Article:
Craig James | March 21, 2020

Bassphemy: the act of eating a perfectly good bass instead of releasing it.

Ok… OK… so I made that word up, but the sad fact is many see eating bass as a disrespect to the sport. Seems as if the game has changed a lot since June of 1932 when George Perry fed his family of six for two nights with his world-record largemouth bass.

Before we dive off into this hot topic, I want to make clear that I am in favor of releasing bass to swim another day… but I’m also guilty of turning a few loose into a cast iron pot of 350-degree peanut oil from time to time. It is what it is, the truth is the truth. Regardless of how we feel about the subject of catch and release, we have to respect the opinion of others, and we have to find a way to get along as sportsmen.

But not everyone sees things that way. There are the select few out there who think since they don’t eat bass, no one should. Then these clowns blast others—usually it’s on social media— in an attempt to shame them for eating a fish. Newsflash, if this is you, and I hope it isn’t… you’re no better than the tree hugging hippies at PETA telling everyone that it’s wrong to eat Wilbur the pig or Bessy the cow.

Fish are food first, and sport second. Always have been, always will be. There’s a reason the Good Lord made them taste so good with a plate of cheese grits and baked beans sitting next to a mason jar of sweet tea.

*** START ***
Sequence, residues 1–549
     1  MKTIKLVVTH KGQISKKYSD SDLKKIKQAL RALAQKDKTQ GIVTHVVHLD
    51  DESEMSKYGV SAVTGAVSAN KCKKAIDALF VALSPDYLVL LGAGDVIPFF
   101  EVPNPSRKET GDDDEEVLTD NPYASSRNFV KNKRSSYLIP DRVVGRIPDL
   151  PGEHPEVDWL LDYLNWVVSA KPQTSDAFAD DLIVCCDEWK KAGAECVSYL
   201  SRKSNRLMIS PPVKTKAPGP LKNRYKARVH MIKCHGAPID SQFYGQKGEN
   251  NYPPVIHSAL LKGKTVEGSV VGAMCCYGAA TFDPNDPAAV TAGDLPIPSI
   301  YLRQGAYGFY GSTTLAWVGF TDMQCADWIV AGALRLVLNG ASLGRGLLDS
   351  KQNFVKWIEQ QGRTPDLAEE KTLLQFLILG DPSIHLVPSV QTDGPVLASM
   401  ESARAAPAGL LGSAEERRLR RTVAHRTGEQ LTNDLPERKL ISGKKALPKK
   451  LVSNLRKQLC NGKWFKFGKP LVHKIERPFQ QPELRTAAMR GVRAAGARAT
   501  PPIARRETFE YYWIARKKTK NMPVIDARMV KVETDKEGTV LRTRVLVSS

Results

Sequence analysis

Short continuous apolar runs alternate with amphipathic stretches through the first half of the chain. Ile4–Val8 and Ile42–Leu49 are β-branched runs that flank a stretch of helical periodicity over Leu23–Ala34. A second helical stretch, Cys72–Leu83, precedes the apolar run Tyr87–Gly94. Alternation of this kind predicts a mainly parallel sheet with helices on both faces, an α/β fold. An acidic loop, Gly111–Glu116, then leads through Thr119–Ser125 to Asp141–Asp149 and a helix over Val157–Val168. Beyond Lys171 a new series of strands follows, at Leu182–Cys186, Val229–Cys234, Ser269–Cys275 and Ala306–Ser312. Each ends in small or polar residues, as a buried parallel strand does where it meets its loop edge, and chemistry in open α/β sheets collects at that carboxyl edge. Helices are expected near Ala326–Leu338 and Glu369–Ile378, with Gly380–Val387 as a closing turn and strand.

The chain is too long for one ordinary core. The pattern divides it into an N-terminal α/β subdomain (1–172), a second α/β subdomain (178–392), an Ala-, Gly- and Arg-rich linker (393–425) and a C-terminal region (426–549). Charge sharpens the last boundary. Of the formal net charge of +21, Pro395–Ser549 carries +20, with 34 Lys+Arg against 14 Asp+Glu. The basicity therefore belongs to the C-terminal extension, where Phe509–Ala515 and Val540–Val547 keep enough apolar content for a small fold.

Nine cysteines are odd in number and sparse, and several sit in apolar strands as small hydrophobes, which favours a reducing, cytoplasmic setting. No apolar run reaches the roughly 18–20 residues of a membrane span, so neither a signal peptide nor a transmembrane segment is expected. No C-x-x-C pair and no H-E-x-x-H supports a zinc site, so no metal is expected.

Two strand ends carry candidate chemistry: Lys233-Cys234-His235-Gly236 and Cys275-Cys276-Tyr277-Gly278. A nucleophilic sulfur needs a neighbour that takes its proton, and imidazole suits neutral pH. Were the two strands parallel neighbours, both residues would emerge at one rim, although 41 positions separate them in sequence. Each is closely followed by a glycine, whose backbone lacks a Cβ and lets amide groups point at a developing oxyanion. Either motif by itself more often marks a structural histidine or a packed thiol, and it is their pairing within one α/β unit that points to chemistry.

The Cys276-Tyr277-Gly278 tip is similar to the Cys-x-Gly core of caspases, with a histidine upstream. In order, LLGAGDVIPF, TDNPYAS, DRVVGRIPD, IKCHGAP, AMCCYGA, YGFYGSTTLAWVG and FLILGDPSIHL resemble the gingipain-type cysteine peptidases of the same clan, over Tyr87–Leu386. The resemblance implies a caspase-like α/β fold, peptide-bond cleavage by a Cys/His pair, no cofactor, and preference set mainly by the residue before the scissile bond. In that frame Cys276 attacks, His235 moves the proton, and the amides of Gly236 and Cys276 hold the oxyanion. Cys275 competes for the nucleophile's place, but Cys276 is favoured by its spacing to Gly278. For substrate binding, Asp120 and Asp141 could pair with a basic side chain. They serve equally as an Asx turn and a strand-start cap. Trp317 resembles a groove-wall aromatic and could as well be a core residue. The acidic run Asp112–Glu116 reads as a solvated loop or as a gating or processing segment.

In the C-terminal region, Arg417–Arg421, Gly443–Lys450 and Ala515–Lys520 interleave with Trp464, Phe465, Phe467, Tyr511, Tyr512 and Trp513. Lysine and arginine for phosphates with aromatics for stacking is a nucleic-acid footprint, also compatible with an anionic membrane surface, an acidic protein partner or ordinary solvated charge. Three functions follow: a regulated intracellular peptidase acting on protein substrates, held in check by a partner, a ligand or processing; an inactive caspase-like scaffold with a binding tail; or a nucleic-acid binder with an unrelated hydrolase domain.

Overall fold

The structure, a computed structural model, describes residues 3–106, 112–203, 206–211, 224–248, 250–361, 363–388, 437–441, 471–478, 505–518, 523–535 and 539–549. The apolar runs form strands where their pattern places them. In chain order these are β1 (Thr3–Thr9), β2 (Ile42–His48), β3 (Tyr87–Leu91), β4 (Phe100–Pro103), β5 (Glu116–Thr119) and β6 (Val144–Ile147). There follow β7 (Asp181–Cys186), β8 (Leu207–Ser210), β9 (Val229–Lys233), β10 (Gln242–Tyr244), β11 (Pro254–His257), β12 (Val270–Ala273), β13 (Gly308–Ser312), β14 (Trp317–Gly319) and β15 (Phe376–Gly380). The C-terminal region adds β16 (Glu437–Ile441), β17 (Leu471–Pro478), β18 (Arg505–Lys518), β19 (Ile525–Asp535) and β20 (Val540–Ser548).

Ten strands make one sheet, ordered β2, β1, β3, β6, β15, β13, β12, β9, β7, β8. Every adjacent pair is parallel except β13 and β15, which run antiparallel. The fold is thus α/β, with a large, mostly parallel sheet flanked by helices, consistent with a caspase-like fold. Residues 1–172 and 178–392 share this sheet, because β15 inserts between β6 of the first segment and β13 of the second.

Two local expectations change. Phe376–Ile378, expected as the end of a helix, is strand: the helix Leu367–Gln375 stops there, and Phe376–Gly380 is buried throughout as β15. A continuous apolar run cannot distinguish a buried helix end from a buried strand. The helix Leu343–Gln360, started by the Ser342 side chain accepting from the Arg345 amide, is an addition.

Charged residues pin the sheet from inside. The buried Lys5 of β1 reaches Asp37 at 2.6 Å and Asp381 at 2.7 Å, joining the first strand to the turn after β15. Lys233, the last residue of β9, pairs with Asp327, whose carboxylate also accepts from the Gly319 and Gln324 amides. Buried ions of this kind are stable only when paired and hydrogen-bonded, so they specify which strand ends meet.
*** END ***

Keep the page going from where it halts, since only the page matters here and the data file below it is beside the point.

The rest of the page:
There are circumstances where some bass need to be kept—farm ponds that get overpopulated and stunt the growth and eventually ruin the lake, reservoirs where spotted bass are crowding out largemouth or smallmouth.

I’m afraid we as fishermen, especially in the bass fishing community, have a major divide when it comes to this topic. We don’t have to agree, it’s perfectly fine to have a difference of opinion. But respect for our fellow anglers isn’t up for debate, and it never has been. You want to turn them back, I’m for you. You want to keep what the law allows, have at it.

Truth be told we need both types of anglers to practice conservation. It’s a give and take. We need the fisherman that drops the 10-pounder back in the lily pads to fight another day, and we need the guy who takes home his catch to cook his family supper. As anglers we’re a team. If we’re going to enjoy the sport for years to come, we have to work together. It’s time we start doing just that.

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